Florida Marlins owner Jeffrey Loria has promised that he won't dump payroll like his predecessor, Wayne Huizenga, did after his team won the World Series in 1997.
But don't expect Loria to keep this year's champs completely intact, either.
Loria isn't ready to spend the approximate $80 million cost of doing so, thanks to fact that the Marlins drew only 16,000 fans per game during the regular season, and their postseason run was minimized financially by their unfavorable lease to the point that team officials still claim more than $20 million in losses for the 2003 season.
In addition, a new stadium proposal figures to limit the Marlins' payroll over the next couple of years. The Marlins have offered $137 million toward a $325 million, 38,000-seat stadium with a retractable roof that could be ready in 2007. Miami-Dade County has offered $73 million and over the next couple weeks team officials hope that the city of Miami and the state will agree to cover the $115 million gap in funding.
"The team contribution for the stadium is so large that it does impact our decision about upcoming payroll," said team president David Samson, who noted that a 2004 payroll budget has not yet been set.
In order to keep the top talent, payroll could rise to more than $80 million, up from this year's cost of $54 million. There are nine free agents, including Ivan Rodriguez, Luis Castillo and Ugueth Urbina, as well as 15 arbitration-eligible players, including pitchers Brad Penny and A.J. Burnett.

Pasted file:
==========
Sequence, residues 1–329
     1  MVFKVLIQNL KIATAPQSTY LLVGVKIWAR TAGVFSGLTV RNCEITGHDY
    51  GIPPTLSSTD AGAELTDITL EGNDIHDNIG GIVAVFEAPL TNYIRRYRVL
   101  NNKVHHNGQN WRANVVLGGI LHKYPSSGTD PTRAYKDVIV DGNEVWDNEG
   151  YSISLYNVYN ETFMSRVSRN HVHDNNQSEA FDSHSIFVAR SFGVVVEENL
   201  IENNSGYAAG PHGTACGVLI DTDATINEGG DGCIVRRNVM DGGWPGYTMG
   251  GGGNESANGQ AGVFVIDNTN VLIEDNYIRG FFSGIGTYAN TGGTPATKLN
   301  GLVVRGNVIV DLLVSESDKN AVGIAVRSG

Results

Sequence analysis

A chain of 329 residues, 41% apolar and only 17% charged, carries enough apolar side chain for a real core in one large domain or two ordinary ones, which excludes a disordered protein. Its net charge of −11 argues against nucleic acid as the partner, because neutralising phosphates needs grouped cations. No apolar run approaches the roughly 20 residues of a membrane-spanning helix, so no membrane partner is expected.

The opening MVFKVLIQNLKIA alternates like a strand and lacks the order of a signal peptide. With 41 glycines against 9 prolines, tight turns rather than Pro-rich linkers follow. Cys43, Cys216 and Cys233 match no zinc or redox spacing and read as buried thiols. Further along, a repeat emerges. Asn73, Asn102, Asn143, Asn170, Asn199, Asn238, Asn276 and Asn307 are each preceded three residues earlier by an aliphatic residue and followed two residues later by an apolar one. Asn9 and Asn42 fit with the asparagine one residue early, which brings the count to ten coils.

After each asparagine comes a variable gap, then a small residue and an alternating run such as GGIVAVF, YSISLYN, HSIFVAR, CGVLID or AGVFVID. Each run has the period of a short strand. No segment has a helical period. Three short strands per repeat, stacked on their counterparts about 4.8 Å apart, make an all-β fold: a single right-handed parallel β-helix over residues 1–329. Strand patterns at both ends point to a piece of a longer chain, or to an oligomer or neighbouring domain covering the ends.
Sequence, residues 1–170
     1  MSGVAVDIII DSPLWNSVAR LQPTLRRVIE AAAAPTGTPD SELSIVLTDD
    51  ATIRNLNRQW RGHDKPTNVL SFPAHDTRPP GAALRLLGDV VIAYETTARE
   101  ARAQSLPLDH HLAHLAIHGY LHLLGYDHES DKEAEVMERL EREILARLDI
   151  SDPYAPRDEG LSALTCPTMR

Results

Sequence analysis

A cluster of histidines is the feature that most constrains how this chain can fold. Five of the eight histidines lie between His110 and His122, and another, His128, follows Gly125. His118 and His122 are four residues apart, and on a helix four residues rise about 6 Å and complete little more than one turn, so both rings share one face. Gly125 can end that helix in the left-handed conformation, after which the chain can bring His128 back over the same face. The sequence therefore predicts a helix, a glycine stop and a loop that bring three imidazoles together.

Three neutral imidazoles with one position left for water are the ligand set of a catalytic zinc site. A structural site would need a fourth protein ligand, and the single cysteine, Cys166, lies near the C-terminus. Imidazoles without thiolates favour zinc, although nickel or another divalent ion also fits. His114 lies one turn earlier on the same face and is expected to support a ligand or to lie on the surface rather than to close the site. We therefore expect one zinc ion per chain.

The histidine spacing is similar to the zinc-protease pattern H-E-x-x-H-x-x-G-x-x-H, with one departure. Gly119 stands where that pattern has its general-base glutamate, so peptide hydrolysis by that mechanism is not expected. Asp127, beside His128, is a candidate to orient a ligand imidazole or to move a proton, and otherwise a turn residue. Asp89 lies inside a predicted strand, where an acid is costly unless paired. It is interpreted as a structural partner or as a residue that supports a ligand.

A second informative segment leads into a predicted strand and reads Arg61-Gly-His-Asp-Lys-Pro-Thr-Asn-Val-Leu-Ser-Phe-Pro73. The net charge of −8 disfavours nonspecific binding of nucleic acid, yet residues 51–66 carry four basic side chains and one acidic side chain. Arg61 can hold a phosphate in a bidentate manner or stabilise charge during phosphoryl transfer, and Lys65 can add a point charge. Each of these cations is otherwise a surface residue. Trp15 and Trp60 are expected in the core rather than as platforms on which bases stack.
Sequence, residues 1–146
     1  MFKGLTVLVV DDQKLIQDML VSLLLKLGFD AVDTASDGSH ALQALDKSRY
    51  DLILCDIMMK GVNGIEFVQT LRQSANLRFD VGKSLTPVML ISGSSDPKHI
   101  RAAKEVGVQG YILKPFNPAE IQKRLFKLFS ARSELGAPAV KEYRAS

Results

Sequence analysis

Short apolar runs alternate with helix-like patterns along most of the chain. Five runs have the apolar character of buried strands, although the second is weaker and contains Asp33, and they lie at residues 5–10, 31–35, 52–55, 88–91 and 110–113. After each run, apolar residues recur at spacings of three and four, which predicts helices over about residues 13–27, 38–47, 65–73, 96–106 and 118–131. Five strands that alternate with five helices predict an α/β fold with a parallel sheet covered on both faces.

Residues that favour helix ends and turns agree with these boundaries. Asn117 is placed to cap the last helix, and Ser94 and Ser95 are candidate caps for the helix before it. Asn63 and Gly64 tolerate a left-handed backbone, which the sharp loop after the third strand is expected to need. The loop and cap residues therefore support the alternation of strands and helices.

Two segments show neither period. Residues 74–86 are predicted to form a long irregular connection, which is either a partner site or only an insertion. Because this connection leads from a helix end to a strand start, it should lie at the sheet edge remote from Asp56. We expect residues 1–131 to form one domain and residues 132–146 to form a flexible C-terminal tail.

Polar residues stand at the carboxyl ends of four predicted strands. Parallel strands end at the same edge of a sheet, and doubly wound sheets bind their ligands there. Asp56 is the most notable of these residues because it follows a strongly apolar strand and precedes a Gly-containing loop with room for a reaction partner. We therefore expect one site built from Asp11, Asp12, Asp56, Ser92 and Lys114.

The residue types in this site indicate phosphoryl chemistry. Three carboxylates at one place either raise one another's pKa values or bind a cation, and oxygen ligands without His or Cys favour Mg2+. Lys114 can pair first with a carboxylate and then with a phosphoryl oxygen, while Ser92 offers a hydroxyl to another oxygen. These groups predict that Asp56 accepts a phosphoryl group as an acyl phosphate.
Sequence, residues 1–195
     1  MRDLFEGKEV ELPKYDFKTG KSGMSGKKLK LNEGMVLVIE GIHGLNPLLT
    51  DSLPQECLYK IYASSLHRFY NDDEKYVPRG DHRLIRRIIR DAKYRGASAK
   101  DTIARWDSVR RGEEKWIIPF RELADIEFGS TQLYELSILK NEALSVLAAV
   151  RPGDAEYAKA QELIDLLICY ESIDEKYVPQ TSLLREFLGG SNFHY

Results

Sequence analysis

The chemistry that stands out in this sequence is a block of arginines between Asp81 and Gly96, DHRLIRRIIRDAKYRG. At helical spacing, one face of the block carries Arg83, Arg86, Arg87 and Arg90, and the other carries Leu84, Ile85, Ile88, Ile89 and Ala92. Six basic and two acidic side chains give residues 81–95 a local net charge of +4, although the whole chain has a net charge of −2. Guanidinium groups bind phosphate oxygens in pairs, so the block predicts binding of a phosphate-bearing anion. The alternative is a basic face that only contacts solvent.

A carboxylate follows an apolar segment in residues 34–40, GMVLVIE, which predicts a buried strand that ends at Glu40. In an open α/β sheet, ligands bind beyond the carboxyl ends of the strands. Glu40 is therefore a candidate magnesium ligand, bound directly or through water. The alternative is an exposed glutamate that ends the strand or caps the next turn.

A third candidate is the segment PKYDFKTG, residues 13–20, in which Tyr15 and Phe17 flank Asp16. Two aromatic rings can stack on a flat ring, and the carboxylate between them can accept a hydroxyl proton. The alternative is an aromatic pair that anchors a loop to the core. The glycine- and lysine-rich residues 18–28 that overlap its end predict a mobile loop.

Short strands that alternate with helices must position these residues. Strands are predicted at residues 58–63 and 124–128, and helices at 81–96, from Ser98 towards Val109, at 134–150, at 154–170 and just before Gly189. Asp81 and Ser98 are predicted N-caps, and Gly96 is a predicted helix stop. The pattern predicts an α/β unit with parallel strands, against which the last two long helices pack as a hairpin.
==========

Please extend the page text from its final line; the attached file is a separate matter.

"After the 1997 season, the payroll went from $57 million to $16 million," Samson said. "We've already said that that's not going to happen with us. But there will be some changes and we have to make good decisions like we did before this season."
Samson would not comment on the team's talks with any of its free agents.
Critics have said that$325 million for a stadium seems low, given that a deal being structured with former Marlins owner and current Red Sox owner John Henry was estimated at $385 million, coupled with the fact that Safeco Field, built with a retractable roof, cost $517 million, more than $100 million over projections.
"We're responsible for the overruns and right now we think we can get a building with all the revenue producers for that price that will be great for our fans," Samson said.
Keeping the entire team intact might not be for the best. Last year's World Series champion Angels raised their payroll from $62 million last season to $79 million this season. The Angels lost 85 games.
Darren Rovell, who covers sports business for ESPN.com, can be reached at Darren.firstname.lastname@example.org.